Hong Kong: Protesters sing God Save the Queen as violence erupts at anti-China demonstrations again

‘I feel this is our duty’ a 50-year-old protester says

Vincent Wood
Monday 16 September 2019 00:21 BST
Pro-democracy protesters wave flags and chant slogans outside the UK embassy
Pro-democracy protesters wave flags and chant slogans outside the UK embassy

Pro-democracy protestors in Hong Kong waved union jacks and sang “God save the Queen” outside the British consulate before violence erupted in the province again.

At the largest round of protests since chief executive Carrie Lam withdrew a bill that would have allowed the extradition of criminal suspects to mainland China, police blasted demonstrators with a chemically tainted, blue-dyed liquid from water cannon that would allow them to be identified later and arrested.

Conventional waters cannons were also deployed along with tear gas, after activists threw Molotov cocktails and bricks at police barriers outside the city’s government office.

Police had earlier refused a request by the Civil Human Rights Front to hold the protest action - with thousands turning up to the march from the Causeway Bay shopping street to the city’s business district.

“I feel this is our duty," 50-year-old protester Winne Leung, said. "The government wants to block us with the ban, but I want to say that the people will not be afraid”.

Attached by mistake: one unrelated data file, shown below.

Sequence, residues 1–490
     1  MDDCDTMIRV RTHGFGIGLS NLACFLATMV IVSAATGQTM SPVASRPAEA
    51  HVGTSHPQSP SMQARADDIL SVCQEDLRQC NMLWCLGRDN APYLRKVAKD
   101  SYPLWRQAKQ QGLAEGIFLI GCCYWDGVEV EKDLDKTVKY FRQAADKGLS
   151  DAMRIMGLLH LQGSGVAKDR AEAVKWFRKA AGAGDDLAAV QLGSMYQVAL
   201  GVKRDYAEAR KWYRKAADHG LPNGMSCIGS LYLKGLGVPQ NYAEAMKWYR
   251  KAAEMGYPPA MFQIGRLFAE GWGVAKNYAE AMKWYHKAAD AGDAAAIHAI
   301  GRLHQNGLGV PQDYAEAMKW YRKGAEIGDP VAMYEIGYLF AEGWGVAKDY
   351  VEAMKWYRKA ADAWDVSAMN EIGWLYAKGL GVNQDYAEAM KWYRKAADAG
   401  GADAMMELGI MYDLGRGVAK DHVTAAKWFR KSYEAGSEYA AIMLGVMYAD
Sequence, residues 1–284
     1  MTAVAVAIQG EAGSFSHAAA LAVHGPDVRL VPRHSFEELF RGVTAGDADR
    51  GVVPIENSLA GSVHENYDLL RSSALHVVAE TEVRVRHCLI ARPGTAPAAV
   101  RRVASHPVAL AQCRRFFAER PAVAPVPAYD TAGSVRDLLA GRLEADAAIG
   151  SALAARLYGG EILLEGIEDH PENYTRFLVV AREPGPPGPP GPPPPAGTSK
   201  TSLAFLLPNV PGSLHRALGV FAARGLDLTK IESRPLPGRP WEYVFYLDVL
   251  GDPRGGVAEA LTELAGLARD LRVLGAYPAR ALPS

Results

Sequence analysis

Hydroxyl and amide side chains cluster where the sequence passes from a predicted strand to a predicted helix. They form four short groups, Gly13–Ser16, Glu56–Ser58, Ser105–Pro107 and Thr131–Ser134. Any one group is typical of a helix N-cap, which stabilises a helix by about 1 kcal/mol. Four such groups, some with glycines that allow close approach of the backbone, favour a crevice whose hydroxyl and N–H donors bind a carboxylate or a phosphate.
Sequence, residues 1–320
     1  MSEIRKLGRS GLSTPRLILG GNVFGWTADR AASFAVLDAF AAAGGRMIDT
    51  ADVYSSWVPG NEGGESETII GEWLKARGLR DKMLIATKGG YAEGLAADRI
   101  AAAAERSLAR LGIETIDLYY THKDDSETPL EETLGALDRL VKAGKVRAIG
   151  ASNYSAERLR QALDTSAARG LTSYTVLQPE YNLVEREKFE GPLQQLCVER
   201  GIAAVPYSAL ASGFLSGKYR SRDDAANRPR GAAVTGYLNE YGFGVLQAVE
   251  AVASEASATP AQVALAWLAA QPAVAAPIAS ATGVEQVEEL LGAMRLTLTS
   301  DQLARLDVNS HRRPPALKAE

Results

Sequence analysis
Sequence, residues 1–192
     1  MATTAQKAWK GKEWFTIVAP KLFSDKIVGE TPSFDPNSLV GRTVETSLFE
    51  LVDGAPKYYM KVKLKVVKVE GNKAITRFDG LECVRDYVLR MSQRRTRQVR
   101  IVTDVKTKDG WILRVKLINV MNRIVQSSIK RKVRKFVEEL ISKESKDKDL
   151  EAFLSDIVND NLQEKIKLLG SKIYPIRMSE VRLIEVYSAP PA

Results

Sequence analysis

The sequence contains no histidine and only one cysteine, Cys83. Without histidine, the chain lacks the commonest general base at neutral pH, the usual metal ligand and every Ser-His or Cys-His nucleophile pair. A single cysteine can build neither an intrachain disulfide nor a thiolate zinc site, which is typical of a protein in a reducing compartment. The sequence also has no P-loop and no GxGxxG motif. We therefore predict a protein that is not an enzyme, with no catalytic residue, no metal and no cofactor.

The march was the largest since Ms Lam said the government was withdrawing the extradition bill “in order to fully allay public concerns”.

The decision has not stopped the protests, which have since focused on democracy in the region.

Hundreds of activists met outside the British consulate, on Sunday. Some chanted “UK save Hong Kong” while waving union jack flags.

Others sang "God Save the Queen".

Some carried banners declaring the one country, two systems policy deployed by Beijing “dead”.

The action followed on from similar rallies outside the British and US consulates this month.

Those marches were also marked by the kind of violence and vandalism that has become almost routine in the semi-autonomous state.

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Chinese flags and banners marking the communist party’s 70th year in power were torn down and burned, while windows and surveillance cameras at a subway station were smashed.

In the North Point area police let tear gas rain down on protestors blocking roads, while shops including the Sogo department store – one of the city’s largest – closed their doors.

Additional reporting by AP.

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